Our journey to Yorkshire is uneventful but my first night is not. John sleeps beside me, soundly, but I toss all night. First, from the strangeness of the place, the unfamiliar bed and then from a breeze that stirs the ceiling canopy. A glass of midnight port settles my mind, but as soon as I close my eyes, I fall into a frightful dream in which Perkins, our new groom, lifts me onto a large white stallion. I am dressed in black, as if for a funeral but travel unaccompanied. When I reach the gravesite the horse becomes ill, collapsing at my feet. I am left alone with the linen-wrapped corpse. I lean forward as the corpse sits up, her head turning to sawdust, her breasts dripping milk. I extend my finger, slowly collecting the sticky white substance one drop at a time, feeling an overwhelming urge to taste it, but before it nears my mouth, a shadowed figure springs from the woods, splashing bold colors of red across the white of my horses fallen body.
I wake startled and breathless, missing the comforting sounds of our London home. No, I tell myself. I refuse to have my first day at the manor spoiled by a senseless dream.
Sun lights the room through small diamond-paned windows as I dress and go into the great hall to find John. The hall is a large rectangular room twice as long as it is wide, with a fireplace big enough to stand in at one end, and a full bank of windows to the south. I sit at the bay window, watching geese waddle past, and find myself missing my cat. My decision to leave Miss Tabby with Julia was correct, because she is a dreadful traveler, but I miss her company and her warmth at the foot of my bed.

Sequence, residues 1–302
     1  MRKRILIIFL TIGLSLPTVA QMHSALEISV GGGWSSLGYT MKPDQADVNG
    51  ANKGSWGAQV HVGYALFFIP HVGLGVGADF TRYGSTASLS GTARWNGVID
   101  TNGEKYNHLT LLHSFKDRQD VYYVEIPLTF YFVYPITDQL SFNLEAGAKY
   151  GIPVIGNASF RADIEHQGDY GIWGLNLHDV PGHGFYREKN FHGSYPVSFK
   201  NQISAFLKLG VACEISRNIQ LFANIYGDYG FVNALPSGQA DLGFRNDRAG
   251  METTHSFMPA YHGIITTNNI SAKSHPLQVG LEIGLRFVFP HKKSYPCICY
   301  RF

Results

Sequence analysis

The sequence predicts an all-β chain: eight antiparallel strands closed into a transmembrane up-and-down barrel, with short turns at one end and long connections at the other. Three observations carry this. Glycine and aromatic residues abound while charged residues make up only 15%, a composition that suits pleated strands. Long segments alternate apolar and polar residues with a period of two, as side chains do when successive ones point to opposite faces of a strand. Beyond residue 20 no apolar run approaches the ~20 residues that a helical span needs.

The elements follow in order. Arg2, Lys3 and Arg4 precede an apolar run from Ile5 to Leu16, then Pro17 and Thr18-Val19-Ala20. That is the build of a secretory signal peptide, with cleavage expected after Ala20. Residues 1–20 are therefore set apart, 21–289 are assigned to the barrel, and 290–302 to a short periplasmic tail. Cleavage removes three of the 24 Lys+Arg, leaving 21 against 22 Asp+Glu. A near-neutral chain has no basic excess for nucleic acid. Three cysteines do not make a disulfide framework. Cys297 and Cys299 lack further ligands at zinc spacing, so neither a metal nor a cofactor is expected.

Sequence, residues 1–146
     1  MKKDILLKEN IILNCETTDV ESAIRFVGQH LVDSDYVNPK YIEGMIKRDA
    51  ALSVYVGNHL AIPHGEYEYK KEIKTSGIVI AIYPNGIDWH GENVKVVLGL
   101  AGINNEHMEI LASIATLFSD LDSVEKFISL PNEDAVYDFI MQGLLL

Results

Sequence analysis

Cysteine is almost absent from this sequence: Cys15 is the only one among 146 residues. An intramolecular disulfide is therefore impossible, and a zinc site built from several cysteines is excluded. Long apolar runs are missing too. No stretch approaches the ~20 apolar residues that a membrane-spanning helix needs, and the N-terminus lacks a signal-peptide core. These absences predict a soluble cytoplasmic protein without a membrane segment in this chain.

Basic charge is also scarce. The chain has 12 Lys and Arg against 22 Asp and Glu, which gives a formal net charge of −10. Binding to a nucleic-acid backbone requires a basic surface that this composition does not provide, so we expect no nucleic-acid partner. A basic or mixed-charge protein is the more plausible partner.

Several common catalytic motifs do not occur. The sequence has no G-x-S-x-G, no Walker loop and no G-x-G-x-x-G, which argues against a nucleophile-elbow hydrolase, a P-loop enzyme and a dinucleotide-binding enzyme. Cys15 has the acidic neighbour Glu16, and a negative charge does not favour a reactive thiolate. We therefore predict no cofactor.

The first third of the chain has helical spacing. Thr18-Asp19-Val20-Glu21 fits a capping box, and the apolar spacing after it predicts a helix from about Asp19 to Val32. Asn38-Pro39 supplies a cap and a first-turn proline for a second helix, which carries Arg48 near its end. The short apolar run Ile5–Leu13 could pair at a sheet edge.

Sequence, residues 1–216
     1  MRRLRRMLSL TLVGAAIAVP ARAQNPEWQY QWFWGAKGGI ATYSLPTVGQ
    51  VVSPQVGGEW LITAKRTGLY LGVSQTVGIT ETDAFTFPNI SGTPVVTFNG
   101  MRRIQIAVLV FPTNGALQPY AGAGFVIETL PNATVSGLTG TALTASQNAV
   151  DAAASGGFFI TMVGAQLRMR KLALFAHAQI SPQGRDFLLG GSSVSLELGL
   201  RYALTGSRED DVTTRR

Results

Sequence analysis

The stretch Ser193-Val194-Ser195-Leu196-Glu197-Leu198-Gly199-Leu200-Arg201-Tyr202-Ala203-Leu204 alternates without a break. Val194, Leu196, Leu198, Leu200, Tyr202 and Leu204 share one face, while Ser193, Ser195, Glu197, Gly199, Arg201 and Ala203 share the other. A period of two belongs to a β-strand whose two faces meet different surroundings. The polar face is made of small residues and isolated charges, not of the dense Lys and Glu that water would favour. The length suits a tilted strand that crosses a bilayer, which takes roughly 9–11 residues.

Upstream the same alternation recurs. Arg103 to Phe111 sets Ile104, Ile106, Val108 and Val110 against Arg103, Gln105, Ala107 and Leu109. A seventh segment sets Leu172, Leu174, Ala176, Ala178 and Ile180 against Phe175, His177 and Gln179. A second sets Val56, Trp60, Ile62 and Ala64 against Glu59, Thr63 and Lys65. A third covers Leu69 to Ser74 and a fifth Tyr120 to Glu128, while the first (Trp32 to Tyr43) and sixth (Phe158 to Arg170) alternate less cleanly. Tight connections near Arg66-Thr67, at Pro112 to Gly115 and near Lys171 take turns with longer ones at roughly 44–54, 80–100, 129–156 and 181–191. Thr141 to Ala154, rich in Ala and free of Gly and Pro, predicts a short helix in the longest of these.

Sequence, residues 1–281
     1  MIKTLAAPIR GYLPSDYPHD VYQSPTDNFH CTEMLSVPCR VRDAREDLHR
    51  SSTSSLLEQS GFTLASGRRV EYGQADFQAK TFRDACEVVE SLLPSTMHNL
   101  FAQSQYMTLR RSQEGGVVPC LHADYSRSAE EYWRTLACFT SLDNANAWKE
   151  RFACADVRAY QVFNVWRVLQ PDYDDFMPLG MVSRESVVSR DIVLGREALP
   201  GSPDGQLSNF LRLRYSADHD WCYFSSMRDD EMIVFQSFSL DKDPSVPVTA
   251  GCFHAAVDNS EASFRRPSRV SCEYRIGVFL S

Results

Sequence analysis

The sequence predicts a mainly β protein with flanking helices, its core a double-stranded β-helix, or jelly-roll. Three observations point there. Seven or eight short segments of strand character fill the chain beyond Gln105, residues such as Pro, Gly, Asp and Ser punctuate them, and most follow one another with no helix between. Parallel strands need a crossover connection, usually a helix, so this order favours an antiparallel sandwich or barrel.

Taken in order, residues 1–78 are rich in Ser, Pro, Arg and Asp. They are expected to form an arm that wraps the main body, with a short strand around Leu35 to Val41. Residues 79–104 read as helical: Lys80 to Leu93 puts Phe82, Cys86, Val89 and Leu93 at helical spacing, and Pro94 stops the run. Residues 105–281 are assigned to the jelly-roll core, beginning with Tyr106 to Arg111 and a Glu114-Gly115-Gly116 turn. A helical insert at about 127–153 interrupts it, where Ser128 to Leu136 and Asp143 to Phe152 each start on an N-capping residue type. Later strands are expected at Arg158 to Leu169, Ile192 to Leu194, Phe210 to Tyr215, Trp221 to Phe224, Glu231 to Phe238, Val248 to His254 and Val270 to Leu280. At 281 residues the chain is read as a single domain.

Albert, the butler, stands before me, looking as old and formal as the house. He is used to serving the Viscount, not a youthful married couple. I find myself wondering how well we’ll get on.
“Excuse me, Madame. Master John is in the library. He’s asked that breakfast be served there.” The great hall is made for entertaining. I find sitting alone a bit forlorn and am happy to be called away. I walk down a hall of gold-framed paintings and heavy crimson tapestries to the library. John is already settled near the fire, his head buried in account books.
“You’re becoming a late sleeper.” He gets up as I enter, an on-going recognition of respect.
“I suppose I am,” I smile, not wanting to reveal the terror of last night’s dream. Its meaning remains unclear, but the fright of it makes me quiver.
“There is so much to be done here.” John furrows his brow, rolling a gold pen between his fingers – a gesture of heightened concern I’ve come to know very well. “I’m afraid I’ll be occupied most of the day. Do you mind being on your own? I know it’s unfair but I’m finding that many of the fences between tenant dwellings are in need of repair, allowing swine to run free. Many of the banks have been left unplowed and dues have not been collected. The current overseer must be replaced immediately and let go without reference.”
I dance around the desk, bouncing into his lap. “It’s okay,” I whisper, draping my arms around his neck. “We’ll have other days. I’ll have Perkins take me to the edge of the wood to collect flowers. I’ll spend the day exploring and then walk back.”
John gathers my hair in his hands, gently kissing my forehead. “Be careful my red-haired beauty. I would not want to lose you out there.”
Albert enters unannounced, his silver tray reflecting rays of light against dark-hued walls. There is something about the man I don’t care for. His manner is too stiff and his countenance flat. Or perhaps I’m just missing Julia and the familiarity of her service.